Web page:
Famous tenor aria Nessun Dorma among many highlights
By ALAN SCHUSTER
Once again, the Metropolitan Opera’s Saturday afternoon HD presentations will feature a wide variety of performances at USC Beaufort’s Center for the Performing Arts. Among them will be three of Puccini’s most popular heroines, Turandot, Tosca and Madam Butterfly. While these three are staged for Peking, Rome and Nagasaki respectively, another one should have much more local interest – Porgy and Bess, set in Charleston.
Tickets are now available at the USC Beaufort Center for the Arts at 801 Carteret St, Beaufort, online at www.centerforthearts.com or by phone at 843-521-4145. All seats are general admission. Adults are $20, OLLI members $18 and students $10.
Here are the Met briefs for each of the 10 HD transmissions:
Oct. 12, Turandot: Thrilling dramatic soprano Christine Goerke brings her fierce portrayal of the princess to the stage in Franco Zeffirelli’s dazzling production of Puccini’s final masterpiece. Roberto Aronica is the mysterious prince Calaf who sings opera’s world famous tenor aria, “Nessun Dorma” with Met Music Director Yannick Nezet-Seguin at the podium.
Oct. 26, Massenet’s Manon: Soprano Lisette Oropesa appears as the title character, a tragic beauty who yearns for the finer things in life. Tenor Michael Fabiano is the besotted Chevalier des Grieux, whose desperate love for Manon proves their undoing. Maurizio Benini conducts.
Nov. 9, Madam Butterfly: The heartbreaking role of the doomed geisha will be sung by soprano Hui He, with tenor Andrea Care as the American naval officer who abandons her. The exceptional tenor Placido Domingo makes his role debut as U.S. Consul Sharpless, while Pier Giorgio Morandi conducts Anthony Minghellla’s sweeping production, a perennial audience favorite.
Nov. 23, Philip Glass’s Akhanaten: The production stars countertenor Anthony Roth Costanzo as the revolutionary title ruler who transformed ancient Egypt. To match the opera’s hypnotic, ritualist music, director Phelim McDermott includes a company of acrobats and jugglers. Karen Kamensek is at the podium.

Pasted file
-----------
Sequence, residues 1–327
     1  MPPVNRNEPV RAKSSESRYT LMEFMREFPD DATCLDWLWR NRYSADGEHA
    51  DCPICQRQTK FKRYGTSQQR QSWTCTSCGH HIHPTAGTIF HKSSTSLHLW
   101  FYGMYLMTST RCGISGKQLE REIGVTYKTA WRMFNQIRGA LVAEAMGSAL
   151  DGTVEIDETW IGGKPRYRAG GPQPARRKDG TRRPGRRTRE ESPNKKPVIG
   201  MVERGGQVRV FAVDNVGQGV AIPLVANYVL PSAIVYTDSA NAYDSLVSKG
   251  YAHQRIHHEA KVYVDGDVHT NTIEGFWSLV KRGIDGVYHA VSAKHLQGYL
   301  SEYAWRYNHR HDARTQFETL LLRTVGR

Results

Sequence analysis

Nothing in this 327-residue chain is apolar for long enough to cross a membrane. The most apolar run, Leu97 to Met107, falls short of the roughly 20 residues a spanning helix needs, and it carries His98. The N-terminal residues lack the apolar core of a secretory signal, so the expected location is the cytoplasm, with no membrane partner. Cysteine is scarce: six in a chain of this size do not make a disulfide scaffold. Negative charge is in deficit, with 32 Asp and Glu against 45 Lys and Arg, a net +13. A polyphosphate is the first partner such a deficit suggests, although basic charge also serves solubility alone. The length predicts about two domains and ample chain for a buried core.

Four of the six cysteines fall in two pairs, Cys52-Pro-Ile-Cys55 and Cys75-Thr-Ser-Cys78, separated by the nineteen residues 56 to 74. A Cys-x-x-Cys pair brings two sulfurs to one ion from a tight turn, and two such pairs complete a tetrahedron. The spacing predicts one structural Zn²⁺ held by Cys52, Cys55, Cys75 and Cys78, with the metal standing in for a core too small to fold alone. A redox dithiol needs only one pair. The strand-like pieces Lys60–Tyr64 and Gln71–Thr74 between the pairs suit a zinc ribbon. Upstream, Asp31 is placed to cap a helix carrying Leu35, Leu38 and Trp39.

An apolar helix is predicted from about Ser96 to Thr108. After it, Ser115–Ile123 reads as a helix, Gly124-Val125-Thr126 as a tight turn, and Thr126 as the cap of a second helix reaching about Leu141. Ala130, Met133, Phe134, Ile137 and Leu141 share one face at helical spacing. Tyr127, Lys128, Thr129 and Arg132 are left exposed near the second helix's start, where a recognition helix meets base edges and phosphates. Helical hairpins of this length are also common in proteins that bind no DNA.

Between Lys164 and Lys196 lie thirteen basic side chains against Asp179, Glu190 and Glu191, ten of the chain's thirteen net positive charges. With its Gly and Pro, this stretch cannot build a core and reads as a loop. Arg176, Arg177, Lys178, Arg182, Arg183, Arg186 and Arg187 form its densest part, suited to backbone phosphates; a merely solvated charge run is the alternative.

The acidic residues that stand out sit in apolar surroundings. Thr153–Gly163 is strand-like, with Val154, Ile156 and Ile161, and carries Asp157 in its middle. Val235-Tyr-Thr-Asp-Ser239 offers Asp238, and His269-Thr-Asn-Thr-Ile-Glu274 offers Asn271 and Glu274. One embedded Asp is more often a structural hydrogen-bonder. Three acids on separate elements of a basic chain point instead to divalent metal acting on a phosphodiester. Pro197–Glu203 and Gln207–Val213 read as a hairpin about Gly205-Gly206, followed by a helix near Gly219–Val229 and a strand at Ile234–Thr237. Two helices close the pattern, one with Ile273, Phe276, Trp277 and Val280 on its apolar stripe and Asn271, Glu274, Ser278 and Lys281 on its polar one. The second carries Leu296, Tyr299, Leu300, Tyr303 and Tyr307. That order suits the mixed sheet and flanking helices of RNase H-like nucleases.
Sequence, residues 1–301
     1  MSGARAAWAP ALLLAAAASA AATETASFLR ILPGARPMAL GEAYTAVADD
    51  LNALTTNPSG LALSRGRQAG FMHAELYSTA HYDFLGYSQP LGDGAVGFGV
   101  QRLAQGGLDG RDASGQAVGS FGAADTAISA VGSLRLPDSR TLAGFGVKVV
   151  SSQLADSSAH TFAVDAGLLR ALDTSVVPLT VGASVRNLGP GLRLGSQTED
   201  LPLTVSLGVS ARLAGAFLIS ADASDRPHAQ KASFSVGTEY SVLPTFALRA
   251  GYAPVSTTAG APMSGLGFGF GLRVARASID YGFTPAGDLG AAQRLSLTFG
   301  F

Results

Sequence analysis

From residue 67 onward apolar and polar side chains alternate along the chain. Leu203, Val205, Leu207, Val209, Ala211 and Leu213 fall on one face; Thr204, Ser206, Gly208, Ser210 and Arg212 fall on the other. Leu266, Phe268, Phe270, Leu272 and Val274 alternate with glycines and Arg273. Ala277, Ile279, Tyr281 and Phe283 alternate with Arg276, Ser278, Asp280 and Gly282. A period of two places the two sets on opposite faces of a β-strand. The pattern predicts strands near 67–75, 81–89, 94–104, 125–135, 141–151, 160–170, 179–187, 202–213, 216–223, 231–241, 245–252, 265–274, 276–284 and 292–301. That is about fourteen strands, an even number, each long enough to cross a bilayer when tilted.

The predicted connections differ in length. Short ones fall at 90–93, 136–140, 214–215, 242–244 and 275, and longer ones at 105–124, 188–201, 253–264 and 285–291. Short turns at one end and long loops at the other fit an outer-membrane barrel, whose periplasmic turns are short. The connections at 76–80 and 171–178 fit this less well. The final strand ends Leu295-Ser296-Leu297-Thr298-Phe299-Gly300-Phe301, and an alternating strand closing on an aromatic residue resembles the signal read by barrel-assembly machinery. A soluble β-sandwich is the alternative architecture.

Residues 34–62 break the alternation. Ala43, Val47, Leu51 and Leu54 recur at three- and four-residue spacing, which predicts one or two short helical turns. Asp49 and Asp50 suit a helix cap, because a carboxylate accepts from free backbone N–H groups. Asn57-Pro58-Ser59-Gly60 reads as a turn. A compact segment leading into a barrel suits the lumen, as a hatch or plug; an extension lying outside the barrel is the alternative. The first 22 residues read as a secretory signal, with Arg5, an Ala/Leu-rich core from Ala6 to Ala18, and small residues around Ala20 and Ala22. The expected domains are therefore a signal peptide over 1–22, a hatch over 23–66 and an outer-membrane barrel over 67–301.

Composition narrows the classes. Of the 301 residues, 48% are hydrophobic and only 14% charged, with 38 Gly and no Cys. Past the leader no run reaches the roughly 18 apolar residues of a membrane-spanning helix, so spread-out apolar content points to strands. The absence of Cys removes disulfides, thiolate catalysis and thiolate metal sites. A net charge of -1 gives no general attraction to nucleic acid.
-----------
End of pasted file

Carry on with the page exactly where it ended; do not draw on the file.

Jan. 11, 2020, Wozzeck: Seven weeks later, it’s Alban Berg’s Wozzeck. After wowing audiences with his astounding staging of Berg’s Lulu, William Kentridge now focuses his imagination on Wozzeck. Baritone Peter Mattei sings the title role, alongside a commanding cast that includes soprano Elza van den Heever and tenor Christopher Ventris.
Feb. 1, 2020, George Gershwin’s Porgy and Bess: One of America’s favorite operas. James Robinson’s stylish production transports audiences to Catfish Row on the Charleston waterfront, vibrant with the music, dancing, emotion and hearbreak of its inhabitants. The dynamic cast features the sympathetic duo of baritone-bass Eric Owens and soprano Angel Blue in the lead roles.
Feb. 29, 2020, George Frideric Handel’s Agrippina: A dark comedic tale of intrigue and impropriety in ancient Rome. Mezzo-soprano Joyce DiDonato sings the role of the controlling, power-hungry mother of Nero, as she plots the downfall of the Roman Emperor Claudius and the installation of her son, sung by mezzo Kate Lindsey. Harry Bicket conducts Sir David McVicar’s ingenious reframing of the ancient action.
March 14, 2020, Wagner’s The Flying Dutchman: Starring famous bass-baritone Bryan Terfel, who brings his acclaimed portrayal of the doomed sea captain to an HD performance for the first time. Valery Gergiev conducts a new staging by Francois Girard which turns the stage into a rich, layered tableau reminiscent of a vast oil painting. Soprano Anja Kamper makes her Met debut as the devoted Senta, whose selfless love is what the Dutchman seeks.
April 11, 2020, Puccini’s Tosca: Anna Netrebko, whom the New York Times hailed as “magnificent” when she sang the role for the first time in 2018, returns as Puccini’s explosive diva. Tenor Brian Jagde is the idealistic painter Mario Cavaradossi and baritone Michael Volle completes the fatal love triangle as the sinister Scarpia. Bertrand de Billy takes the podium to direct Sir David McVicar’s stunning production.
May 9, 2020, Donizetti’s bel canto Maria Stuarda: After her triumph as Violetta in last season’s La Traviata, soprano Diana Damrau returns in the role of the martyred Mary, Queen of Scots. Mezzo Jamie Barton is her imperious rival Queen Elizabeth I, and tenor Stephen Costello is the Earl of Leicester. Maurizio Benini conducts.